2017 was called the year of ransomware, but ransomware is showing no signs of slowing down. Ransomware is expected to be an even greater threat to companies and their data this year. Ransomware is malicious code that encrypts valuable data on the computers it infects. Ransomware has been designed to encrypt common work product such as Microsoft Office files and PDFs, as well as important personal files such as family photos. Most ransomware encrypts hundreds of different file types, and some can encrypt databases or application files for critical systems such as ERP or medical record systems.
Ransomware was a frequently covered topic last year, but the deluge of articles can leave some wondering what the essentials are for protecting their company against this threat. The upcoming Microsoft Office Modern Workplace episode “Ransomware – What you need to know” is designed to answer this question. The program will incorporate the expertise of Theresa Payton, CEO and co-founder of Fortalice Solutions, LLC and Steven Wilson, head of EC3, Europol’s European cybercrime centre.
Ransomware is predominantly distributed through phishing messages to victims. As such, email filtering of phishing messages and end-user education are essential in reducing the likelihood of a ransomware attack. It is essential to have a robust email system that screens out unsafe attachments, malicious links, and enticing phishing messages.
Phishing may be the most prevalent distribution method, but there are others. Some ransomware is distributed by drive-by malware using malvertizing or other techniques or the exploitation of system vulnerabilities. Ransomware may use vulnerabilities to further their reach after initial entry through a phishing message. The WannaCry and NotPetya ransomware of last year both utilized system vulnerabilities to gain access to their targets. Companies need to ensure that their systems are kept up to date with patches that remediate known vulnerabilities. Additionally, security controls should be implemented to evaluate traffic and system behavior to identify and stop potentially malicious actions.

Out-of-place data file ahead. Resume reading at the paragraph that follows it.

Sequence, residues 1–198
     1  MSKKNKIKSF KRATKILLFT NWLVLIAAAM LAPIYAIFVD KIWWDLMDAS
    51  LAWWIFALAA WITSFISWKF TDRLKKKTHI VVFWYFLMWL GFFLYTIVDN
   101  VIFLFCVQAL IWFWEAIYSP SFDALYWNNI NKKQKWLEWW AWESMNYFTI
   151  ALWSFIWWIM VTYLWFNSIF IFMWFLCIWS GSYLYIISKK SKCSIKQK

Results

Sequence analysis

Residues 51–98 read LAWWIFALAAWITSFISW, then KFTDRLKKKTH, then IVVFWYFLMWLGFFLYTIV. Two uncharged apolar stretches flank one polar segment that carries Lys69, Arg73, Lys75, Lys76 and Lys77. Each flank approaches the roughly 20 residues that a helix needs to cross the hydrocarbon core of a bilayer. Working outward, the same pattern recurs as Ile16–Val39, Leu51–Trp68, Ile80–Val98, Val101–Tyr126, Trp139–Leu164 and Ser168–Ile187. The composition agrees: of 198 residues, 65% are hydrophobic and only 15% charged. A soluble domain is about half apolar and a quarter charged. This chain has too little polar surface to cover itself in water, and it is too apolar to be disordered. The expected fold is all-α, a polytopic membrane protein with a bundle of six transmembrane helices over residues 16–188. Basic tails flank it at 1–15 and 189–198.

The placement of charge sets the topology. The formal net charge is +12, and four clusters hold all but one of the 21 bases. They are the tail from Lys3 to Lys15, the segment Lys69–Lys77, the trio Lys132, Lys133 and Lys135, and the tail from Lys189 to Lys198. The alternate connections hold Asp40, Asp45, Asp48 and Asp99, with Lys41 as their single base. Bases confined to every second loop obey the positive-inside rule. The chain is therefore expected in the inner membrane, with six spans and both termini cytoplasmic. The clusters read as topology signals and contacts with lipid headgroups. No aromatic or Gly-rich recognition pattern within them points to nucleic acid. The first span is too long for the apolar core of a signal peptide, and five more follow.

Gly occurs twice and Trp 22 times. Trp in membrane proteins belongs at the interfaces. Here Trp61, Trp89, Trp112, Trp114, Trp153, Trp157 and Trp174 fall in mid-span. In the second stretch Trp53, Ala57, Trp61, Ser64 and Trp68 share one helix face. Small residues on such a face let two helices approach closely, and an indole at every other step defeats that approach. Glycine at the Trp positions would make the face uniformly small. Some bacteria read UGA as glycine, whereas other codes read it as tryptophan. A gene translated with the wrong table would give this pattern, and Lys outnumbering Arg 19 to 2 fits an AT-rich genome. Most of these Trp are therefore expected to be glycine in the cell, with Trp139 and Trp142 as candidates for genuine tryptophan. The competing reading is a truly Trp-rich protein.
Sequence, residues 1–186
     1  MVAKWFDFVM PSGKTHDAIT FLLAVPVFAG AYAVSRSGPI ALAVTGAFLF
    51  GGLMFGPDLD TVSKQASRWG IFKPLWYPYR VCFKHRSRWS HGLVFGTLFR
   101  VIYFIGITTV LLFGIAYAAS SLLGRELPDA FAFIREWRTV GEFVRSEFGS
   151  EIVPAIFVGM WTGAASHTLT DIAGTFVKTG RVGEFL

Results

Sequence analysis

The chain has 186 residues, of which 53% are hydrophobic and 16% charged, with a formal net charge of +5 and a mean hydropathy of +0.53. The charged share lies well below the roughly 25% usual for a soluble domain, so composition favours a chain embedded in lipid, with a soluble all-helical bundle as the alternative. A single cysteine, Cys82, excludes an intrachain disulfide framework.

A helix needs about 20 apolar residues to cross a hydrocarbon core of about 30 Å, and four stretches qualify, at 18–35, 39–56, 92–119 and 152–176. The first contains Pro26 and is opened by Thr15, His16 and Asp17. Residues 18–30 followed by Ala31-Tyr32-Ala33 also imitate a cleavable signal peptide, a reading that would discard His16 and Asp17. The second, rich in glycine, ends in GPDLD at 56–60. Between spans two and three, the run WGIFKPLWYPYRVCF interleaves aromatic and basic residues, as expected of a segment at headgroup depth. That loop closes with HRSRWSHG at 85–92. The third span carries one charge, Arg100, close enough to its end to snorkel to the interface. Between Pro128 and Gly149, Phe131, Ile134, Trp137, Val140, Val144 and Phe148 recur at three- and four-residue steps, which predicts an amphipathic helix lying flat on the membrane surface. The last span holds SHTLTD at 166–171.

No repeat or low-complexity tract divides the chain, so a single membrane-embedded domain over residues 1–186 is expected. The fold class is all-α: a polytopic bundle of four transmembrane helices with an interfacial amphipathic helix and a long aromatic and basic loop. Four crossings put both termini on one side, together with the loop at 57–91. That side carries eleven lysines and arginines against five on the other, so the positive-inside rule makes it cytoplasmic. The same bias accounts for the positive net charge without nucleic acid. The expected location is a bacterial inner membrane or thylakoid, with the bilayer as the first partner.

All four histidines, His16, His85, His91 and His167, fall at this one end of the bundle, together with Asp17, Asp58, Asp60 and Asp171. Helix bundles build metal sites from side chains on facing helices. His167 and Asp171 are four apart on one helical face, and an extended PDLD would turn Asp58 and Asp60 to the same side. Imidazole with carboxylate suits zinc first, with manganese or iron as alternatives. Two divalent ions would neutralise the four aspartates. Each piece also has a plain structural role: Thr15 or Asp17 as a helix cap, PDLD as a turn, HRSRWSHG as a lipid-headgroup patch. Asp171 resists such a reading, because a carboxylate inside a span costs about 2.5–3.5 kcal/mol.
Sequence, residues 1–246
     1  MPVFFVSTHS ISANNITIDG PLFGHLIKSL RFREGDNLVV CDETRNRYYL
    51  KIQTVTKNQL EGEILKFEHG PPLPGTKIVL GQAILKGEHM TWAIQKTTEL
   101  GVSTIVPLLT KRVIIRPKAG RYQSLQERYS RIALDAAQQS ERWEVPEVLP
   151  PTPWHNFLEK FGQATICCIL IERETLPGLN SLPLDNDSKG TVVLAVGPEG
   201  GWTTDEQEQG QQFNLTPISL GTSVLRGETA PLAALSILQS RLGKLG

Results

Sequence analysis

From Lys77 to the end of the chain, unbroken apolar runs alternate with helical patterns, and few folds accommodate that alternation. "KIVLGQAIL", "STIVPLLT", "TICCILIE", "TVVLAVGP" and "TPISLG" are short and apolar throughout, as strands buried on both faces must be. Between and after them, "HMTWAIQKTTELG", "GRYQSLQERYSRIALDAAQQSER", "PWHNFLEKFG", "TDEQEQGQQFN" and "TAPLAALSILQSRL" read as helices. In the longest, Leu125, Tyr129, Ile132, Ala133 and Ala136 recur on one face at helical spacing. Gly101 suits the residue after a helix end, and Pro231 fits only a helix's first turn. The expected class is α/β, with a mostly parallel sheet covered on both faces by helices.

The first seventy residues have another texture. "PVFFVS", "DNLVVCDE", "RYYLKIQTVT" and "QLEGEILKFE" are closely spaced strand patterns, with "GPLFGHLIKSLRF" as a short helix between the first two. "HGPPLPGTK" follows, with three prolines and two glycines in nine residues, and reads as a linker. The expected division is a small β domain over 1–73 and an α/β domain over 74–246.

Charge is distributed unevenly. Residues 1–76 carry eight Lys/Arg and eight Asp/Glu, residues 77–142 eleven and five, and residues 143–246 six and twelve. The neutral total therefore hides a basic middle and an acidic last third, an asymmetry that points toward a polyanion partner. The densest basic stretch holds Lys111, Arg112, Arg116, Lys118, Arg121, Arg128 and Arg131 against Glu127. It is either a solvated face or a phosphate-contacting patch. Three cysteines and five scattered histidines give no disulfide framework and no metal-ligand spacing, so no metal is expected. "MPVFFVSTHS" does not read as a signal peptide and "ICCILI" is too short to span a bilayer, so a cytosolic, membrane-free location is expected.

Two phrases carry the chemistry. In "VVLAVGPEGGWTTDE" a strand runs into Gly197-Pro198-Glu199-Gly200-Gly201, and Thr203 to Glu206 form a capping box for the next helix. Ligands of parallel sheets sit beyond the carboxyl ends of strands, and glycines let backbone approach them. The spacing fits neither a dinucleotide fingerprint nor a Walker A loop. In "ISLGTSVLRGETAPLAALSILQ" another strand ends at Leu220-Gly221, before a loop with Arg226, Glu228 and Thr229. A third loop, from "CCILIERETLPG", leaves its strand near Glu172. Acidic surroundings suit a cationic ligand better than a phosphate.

Data is the target of ransomware, so it is vital to ensure that valuable data is backed up. This is sometimes more complex than companies realize because data may be distributed across many systems and data volumes tend to multiply. The first step is to understand what data you have so that you can properly protect it. Next, ensure that the data is captured in backups and that those backups are segmented from production systems so that ransomware cannot encrypt both production and backup data at the same time. Lastly, test backup and restore methods to ensure that data can be restored promptly and correctly.
The increasingly complex IT environment and the need to be both agile and scalable has led many companies to the cloud. Cloud vendors can patch large numbers of systems far more effectively than internal IT staff, and they can afford to put the latest security controls and compliance measures in place. Still, cloud consumers must be aware of what the cloud provider offers and what their responsibility is for security. There is a demarcation point where the cloud provider’s responsibility ends and companies must be aware of that so that they can configure cloud services to appropriately protect themselves, their data, and their customers. Cloud solutions are often augmented with a cloud backup to streamline the process further.
Ultimately, whether you are in the cloud or on-premise, it is critical to prepare for a ransomware incident by implementing methods to reduce the likelihood of ransomware and backups to be used to recover when ransomware strikes.